But their compatriots in England didn't feel the same way. To them, sitting pretty and comfortable back home, pumpkins were intriguing in their novelty, not displeasing. By the middle of the seventeenth century, pumpkins were fashionable enough that instructions on how “To Make a Pumpion Pye” were featured in a cookbook attributed to Queen Henrietta Maria, wife of the deposed and beheaded former King of England, Charles I:


In this queenly pie, the pumpkin is sliced, fried with beaten eggs, sugar, spices, and herbs,


and placed inside a pie crust with alternating layers of apples and currants.


And it was this pie


that New Englanders, as they became more secure and comfortable, adopted as their own for the next hundred years—until that plucky and ever-creative culinary heroine of the new nation, Amelia Simmons, gave us the pumpkin pie that we all know and love today.

We made Queen Henrietta Maria's "Pumpion Pye," along with Amelia's custard-y pumpkin pie, for our family Thanksgiving dinner last year. Everyone around the table pronounced "Pumpion Pye" well worth reviving. So if you'd like to learn more about how we made "Pumpion Pye," click on over to our most recent column on All Things New England.

The original recipe, with commentary, can be found in Northern Hospitality, p. 301.

Marlborough Pudding (Pie) by Amelia Simmons

January 12, 2012

Tags: apples, custard, pudding, pie, dessert, Amelia Simmons

Marlborough Pudding, a custard apple pie from Amelia Simmons (1796)

In Amelia Simmons's day, "pudding in paste" was a common term for custard pie. Her "Marlborough Pudding" is just that, a custardized apple filling in a crust. For this pie, she recommends using her own paste No. 3, lining a deep dish, and filling it with a rich apple custard. Her paste no. 3 is a superb puff paste (we give it in Northern Hospitality, p. 247). But any good homemade pie crust will do nicely. The essence of this apple pie is the filling: luscious fresh apples, cooked down to a thick sauce, mixed with eggs, wine, butter, cream, spices, and sugar. It's a pity that Marlborough Pie is seldom seen on restaurant menus or in cookbooks today.

Marlborough Pie was a New England favorite throughout the nineteenth century. Jane Nylander, in Our Own Snug Fireside (pp. 274-75), describes a Thanksgiving feast enjoyed by the nineteenth-century literary luminary Edward Everett Hale and his wife. The meal featured "mince pie, squash pie, Marlborough pie, cranberry tart, and plum pudding" along with chicken pie and roast turkey.

Our Version of Amelia Simmons's Marlborough Pudding
Makes 2 9-inch pies

Ingredients
8 medium-sized apples
4 large eggs
12 tablespoons sugar
12 tablespoons butter, melted
3/4 cup Madeira (sherry)
1/4 teaspoon ground cinnamon
1/4 teaspoon ground mace
1/4 teaspoon ground nutmeg
1/4 cup heavy cream
2 partially-baked 9-inch pie crusts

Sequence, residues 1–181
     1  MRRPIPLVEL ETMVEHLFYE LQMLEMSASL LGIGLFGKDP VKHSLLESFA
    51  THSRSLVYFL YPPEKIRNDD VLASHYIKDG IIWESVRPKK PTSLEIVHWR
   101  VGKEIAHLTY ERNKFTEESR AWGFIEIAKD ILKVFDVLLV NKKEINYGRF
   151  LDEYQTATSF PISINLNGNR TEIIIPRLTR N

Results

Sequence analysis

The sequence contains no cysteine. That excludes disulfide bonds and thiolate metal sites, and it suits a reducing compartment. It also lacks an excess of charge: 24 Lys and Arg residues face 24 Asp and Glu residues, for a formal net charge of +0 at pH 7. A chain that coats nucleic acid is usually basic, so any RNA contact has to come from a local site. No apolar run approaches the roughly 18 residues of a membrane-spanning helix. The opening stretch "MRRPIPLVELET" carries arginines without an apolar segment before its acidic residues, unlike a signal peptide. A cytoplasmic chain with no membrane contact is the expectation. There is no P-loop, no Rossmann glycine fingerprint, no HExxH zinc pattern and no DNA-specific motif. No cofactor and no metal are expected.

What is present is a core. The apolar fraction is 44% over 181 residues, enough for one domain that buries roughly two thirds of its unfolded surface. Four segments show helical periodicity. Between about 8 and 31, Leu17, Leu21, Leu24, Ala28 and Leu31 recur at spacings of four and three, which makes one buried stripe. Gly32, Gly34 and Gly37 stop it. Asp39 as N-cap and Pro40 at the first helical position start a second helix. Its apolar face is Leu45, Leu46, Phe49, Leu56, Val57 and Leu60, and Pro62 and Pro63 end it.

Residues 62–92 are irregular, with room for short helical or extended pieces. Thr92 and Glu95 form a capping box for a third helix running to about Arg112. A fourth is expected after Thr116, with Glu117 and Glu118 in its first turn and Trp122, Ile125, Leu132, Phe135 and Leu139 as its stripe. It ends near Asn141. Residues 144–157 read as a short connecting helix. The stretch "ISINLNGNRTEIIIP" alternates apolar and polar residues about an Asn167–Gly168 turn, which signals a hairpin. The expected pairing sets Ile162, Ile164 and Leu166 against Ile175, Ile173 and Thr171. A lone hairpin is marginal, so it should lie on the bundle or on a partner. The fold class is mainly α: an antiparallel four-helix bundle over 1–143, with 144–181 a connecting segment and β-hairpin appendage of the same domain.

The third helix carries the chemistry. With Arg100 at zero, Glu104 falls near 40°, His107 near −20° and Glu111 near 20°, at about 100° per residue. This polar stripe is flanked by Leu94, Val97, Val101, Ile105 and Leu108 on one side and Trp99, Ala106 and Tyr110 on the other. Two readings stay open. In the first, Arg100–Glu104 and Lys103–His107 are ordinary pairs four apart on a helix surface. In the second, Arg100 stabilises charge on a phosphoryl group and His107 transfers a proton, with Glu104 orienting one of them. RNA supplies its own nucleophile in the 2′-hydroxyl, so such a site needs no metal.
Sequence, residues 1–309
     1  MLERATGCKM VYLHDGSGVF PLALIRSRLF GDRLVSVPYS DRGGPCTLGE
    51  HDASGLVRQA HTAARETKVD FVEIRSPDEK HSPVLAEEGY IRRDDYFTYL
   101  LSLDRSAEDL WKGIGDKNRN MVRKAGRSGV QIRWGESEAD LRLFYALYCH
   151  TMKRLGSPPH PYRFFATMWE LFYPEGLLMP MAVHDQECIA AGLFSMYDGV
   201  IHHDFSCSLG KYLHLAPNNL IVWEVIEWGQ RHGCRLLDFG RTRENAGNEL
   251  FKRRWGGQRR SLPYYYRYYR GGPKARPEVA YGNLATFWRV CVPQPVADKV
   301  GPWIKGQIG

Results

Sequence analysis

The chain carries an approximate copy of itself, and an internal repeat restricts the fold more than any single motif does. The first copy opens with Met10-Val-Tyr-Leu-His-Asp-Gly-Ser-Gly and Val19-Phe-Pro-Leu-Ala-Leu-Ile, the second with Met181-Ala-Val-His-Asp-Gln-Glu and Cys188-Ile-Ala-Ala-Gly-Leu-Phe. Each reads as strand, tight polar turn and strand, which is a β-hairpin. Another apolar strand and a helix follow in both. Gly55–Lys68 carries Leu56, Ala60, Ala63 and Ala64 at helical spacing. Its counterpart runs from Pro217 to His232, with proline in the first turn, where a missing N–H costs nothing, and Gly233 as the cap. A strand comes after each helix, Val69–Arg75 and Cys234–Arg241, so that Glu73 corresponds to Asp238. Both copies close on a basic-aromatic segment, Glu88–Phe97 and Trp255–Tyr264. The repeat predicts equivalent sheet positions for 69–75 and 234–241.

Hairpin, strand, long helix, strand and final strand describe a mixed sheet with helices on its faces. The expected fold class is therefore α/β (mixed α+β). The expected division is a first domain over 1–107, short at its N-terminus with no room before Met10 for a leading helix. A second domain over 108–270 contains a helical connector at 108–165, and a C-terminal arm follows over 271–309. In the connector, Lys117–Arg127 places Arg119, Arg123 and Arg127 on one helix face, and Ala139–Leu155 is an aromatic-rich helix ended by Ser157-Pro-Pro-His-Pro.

To make Simmons's "Marlborough Pudding," we used eight Liberty apples (a relative of the Macoun) obtained from an orchard near us in Rhode Island. The Liberty is sweet with firm flesh, perfect for this recipe, but any good, fresh apple can be used.


We peeled, cored, and cut each Liberty into about sixteen pieces.


Then we cooked the pieces down until soft (about 20 minutes). We lightly mashed the cooked apples. This made enough applesauce to fill two 9-inch pie crusts.


We interpreted Simmons's "spoons" as tablespoons, and used 12 tablespoons of beaten egg (4 large eggs). We used 12 tablespoons of sugar dissolved in the same amount of melted butter. We then mixed 3/4 cup (12 tablespoons) of Madeira into the butter and sugar. We added spices (¼ teaspoon each of cinnamon, nutmeg, and mace) to the apple, added the butter-sugar-wine mixture to the apple-spice mixture, then added ¼ cup heavy cream to the beaten eggs.


Finally, we mixed all the ingredients together and poured the custard into the two pie crusts that had been blind-baked at convect 375° F. (roughly 400° F. in a conventional oven) for 15 minutes. We baked the two pies at convect 375° F. for 30 min., then at convect 350° F. for 20 min., then at convect 325° F. for 25 min. (Add about 25° F. to each oven temperature for a conventional oven.)


We cooled the pies on racks for about 30 minutes to allow the custard to set before serving.


What's in a Name?
The name Marlborough might lead us to think that this pie is an English import, perhaps something from the 1st Duke of Marlborough's own kitchen. Indeed, there are similar recipes in English sources. For instance, E. Smith in The Compleat Housewife (1739) gives "An Apple Pudding" that calls for boiling down into apple sauce eight peeled and quartered golden runnets (more often called rennets) or twelve golden pippins. (About pippins, see the blog post on "Beef or Veal Stewed with Apples.") Smith then sweetens her apple sauce with loaf sugar, flavors it with the juice and grated peel of two lemons, and adds eight beaten eggs before covering it with puff paste and baking. We give this recipe in Northern Hospitality, p. 310. Hannah Glasse also has an apple pudding recipe. It's similar to Smith's, but Glasse adds butter and omits the egg whites. (If you're of a mind to pursue apple pudding recipes, this one is also cited in Northern Hospitality, p. 310.)

But the first time the name "Marlborough" is associated with the dish is, as far as we can determine, in an American source, namely Simmons's American Cookery. In other words, the invented name is a nod to the dish's English pedigree. It's also an indication that the American fondness for British aristocracy didn't begin with the first season of Downton Abbey.